Here is the story, as told by John and Yoko:

 

On 9th November 1966 a Japanese artist Yoko Ono put on an exhibition at the Indica Art Gallery, called Unfinished Paintings and Objects. John Lennon was invited by the Gallery’s co-owner John Dunbar to view the exhibition the day before it opened. Dunbar told John Lennon there would be a happening in a bag – John immediately thought there would be an orgy and gladly went to the gallery. He found lots of strange objects and exhibits, including an apple on a stand. John went over to see the price and was amazed it cost £200! He was amused, but Yoko wasn’t amused when John picked up the apple, and took a big bite out of it!

The Apple on a stand from the Indica Art Gallery
The Apple on a stand from the Indica Art Gallery

John then saw a piece called Ceiling Painting. It consisted of a step ladder with a magnifying glass hanging from the ceiling. He went up the step ladder and looked through the magnifying glass to the ceiling. Printed there was the word ‘Yes’. John said later if it had been something negative he would have left, but it was ‘yes’ and it encouraged him to stay.

Yoko Ono demonstrating 'Ceiling Painting'
Yoko Ono demonstrating ‘Ceiling Painting’

By this time John Dunbar came over and introduced John to Yoko. She said later she did not recognise John that day. In fact, she said the only Beatle name she could remember was Ringo – it means ‘apple’ in Japanese.

John asked where the action was. Yoko just handed John a card which said ‘breathe’. John panted on the card and gave it back. He then saw an exhibit called Painting To Hammer A Nail In. John went to hammer a nail into the board, but Yoko stopped him, saying she did not want any nails in the board before the exhibition opened. After much persuasion by John Dunbar she finally allowed John to hammer one in – if John gave her five shillings. John said, “Here’s an imaginary five shillings and I’ll hammer in an imaginary nail.” John said later that it was then that their eyes met.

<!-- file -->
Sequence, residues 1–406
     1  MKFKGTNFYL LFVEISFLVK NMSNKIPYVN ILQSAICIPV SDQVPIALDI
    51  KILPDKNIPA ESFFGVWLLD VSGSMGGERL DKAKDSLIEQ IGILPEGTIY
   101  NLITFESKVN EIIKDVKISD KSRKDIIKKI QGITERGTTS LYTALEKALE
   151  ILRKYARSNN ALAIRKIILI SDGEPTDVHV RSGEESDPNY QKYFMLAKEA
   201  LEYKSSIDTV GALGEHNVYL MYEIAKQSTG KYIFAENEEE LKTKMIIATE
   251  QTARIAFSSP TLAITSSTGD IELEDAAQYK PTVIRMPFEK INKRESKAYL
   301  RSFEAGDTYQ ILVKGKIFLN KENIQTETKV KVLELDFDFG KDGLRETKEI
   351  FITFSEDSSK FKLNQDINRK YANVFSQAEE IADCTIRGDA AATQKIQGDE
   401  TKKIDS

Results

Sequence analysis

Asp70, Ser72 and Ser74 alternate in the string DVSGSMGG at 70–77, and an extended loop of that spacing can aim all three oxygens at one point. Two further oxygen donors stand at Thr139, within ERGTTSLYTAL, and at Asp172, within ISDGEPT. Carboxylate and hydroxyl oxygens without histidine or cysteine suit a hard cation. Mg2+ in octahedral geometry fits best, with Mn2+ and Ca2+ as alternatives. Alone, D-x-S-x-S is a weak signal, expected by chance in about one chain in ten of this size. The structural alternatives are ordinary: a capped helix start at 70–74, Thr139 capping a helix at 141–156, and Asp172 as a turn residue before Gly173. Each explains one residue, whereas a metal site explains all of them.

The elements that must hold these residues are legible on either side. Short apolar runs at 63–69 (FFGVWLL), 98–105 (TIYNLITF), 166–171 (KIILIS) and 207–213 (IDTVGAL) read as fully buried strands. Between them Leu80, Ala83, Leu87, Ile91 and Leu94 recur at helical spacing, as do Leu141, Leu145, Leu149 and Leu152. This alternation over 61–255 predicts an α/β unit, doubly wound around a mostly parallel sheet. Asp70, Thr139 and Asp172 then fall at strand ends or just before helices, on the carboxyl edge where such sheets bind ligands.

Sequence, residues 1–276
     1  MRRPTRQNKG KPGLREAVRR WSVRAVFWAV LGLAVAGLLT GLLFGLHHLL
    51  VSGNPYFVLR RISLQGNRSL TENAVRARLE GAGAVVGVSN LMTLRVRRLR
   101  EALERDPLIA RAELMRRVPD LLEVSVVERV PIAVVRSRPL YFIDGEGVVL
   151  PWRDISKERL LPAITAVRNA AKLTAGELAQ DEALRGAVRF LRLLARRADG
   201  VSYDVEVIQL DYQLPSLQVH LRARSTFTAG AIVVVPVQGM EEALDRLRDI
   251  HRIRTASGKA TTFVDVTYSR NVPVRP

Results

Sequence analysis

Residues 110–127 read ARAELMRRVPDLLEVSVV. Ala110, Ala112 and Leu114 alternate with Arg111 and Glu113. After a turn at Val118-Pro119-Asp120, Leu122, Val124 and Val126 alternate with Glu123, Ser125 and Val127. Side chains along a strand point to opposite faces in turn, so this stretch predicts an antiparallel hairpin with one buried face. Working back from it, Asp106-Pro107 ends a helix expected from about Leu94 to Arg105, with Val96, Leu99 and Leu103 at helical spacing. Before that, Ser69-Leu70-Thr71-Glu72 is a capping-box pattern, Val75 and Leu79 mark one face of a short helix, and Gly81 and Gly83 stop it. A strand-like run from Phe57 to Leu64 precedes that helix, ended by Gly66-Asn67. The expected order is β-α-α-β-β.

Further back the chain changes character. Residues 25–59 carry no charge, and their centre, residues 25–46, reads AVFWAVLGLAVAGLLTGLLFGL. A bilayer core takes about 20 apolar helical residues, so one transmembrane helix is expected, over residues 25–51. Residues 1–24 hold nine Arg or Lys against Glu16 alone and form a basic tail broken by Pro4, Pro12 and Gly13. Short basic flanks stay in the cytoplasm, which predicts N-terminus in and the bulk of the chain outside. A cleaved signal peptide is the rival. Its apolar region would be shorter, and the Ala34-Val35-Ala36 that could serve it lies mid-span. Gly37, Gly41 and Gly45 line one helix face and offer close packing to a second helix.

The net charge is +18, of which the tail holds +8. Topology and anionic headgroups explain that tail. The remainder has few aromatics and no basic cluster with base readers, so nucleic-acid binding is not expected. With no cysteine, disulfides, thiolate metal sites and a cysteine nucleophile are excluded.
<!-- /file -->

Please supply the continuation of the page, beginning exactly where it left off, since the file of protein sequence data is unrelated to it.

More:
Yoko Ono, Painting to Hammer a Nail
Yoko Ono, Painting to Hammer a Nail

The Background to the ‘meeting’ 

Barry Miles, Peter Asher and John Dunbar opened the Indica Art Gallery in Mason’s Yard, St James’s in early 1966. They were leading lights in London’s counter-culture, and were regular visitors to the Scotch of St James’s Nightclub in Mason’s Yard. They wanted to start their own art gallery and bookshop, and on a visit to the scotch, noticed that number 6 Mason’s Yard was empty,a and thought it would be an ideal place.

Even though most people thought the gallery was named after one of the first exhibition there, Indications, it was actually called after the plant Cannabis Indica.

A major benefactor to the gallery was Paul McCartney – he was dating Peter Asher’s sister Jane and even lived in their house. Paul donated money to the Indica project, helped move in the furniture and designed the wrapping paper for the gallery. Paul also got John Lennon interested in the gallery.

Is it all True?

John and Yoko told this story, or different versions on the same theme, on many occasions, but is it all true?

Firstly is the date correct? John and Yoko always said they met on the 9th November 1966. The number 9 was always in important in John’s life, and it seemed fitting that John and Yoko met on John’s ‘lucky’ day. Or did they? In all the interviews they gave, they always stated they met the day before Yoko’s exhibition opened to the public. However, the exhibition opened on the 8th November, which means if the date is correct, it was the day AFTER it opened. If they did actually meet the day before the opening, that puts the date at November 7th, not John’s lucky day. However, another problem with the 7th is that was the day John returned from Spain, where he was filming ‘How I Won the War’. Would he really attend an art exhibition the same day?

An ad for Yoko exhibition - showing the start date of November 8th
An ad for Yoko exhibition – showing the start date of November 8th

It seems Yoko and Sean are sticking with the 9th as the date, as on November 9th 2006, Sean did a special concert at St James’s Church, Piccadilly, which is only a few hundred metres from the Indica Art Gallery. Sean made a point in telling the audience it was the 40th anniversary of his Mum and Dad meeting.